Greek police clashed for the third day in a row with hundreds of migrants at the border with North Macedonia who are seeking a route to Central Europe.
Police reported on April 6 that they fired tear gas and stun grenades at some of the migrants after many had thrown rocks at officers.
Authorities say the clashes have been triggered by false reports spreading on social media that restrictions on travel to Central Europe have been lifted.
The false reports said the border, which has been tightly sealed to migrants for three years, was open again and that nongovernmental organizations had chartered buses on the North Macedonian side of the border to take them northward.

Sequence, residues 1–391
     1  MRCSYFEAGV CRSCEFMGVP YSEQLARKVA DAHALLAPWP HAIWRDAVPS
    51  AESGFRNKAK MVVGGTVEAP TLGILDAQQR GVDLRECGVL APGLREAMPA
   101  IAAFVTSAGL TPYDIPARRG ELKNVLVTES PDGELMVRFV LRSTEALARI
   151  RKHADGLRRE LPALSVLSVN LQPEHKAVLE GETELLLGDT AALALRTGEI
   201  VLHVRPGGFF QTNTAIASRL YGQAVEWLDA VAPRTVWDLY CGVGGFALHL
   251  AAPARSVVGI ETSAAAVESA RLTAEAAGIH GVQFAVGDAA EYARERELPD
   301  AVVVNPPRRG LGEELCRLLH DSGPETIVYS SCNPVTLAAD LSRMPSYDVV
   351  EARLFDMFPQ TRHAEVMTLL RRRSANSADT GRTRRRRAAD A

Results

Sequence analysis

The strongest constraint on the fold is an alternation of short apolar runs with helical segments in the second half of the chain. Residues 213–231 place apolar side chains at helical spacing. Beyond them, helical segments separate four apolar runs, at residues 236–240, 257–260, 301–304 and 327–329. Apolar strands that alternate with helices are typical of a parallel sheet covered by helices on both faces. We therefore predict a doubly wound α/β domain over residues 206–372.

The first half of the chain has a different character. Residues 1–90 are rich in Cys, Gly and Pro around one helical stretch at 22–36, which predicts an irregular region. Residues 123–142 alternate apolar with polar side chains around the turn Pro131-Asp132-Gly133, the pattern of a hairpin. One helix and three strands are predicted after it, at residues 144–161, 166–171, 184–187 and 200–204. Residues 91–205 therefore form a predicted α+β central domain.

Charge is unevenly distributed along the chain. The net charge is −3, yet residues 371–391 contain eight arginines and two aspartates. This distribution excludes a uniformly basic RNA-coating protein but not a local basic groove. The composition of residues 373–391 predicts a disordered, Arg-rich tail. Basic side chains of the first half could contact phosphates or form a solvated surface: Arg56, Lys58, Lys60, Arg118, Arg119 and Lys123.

Refugees arrived on April 4 and set up tents in a field next the Diavata migrant camp close to Greece's border with North Macedonia.
"We must constantly fight fake news," Nikos Ragos, the Migration Policy Ministry's coordinator for northern Greece, told AP.
Greek TV station Ant1 showed a screen shot of a message in Arabic sent from a purported organization called "Caravan of Hope" telling migrants that Greece would open the border with North Macedonia at midday on April 5.
The migrants are mostly from Syria, Iraq, and Afghanistan, officials said.
Yaser, a 36-year-old Syrian refugee, told Reuters that "we don't want to fight with the Greek police. We want to go to Europe. We don't want to stay in Greece."
In Turkey, some 1,200 migrants heading toward the Greek frontier following false reports that Ankara had opened its border were detained on April 5, Turkish media said.
Tens of thousands of refugees and migrants have been stranded in Greece after Balkan countries closed their borders in 2016, shutting off the main route to Central and Western Europe.
More than 1 million people used the route in 2015 and 2016 to travel to Germany.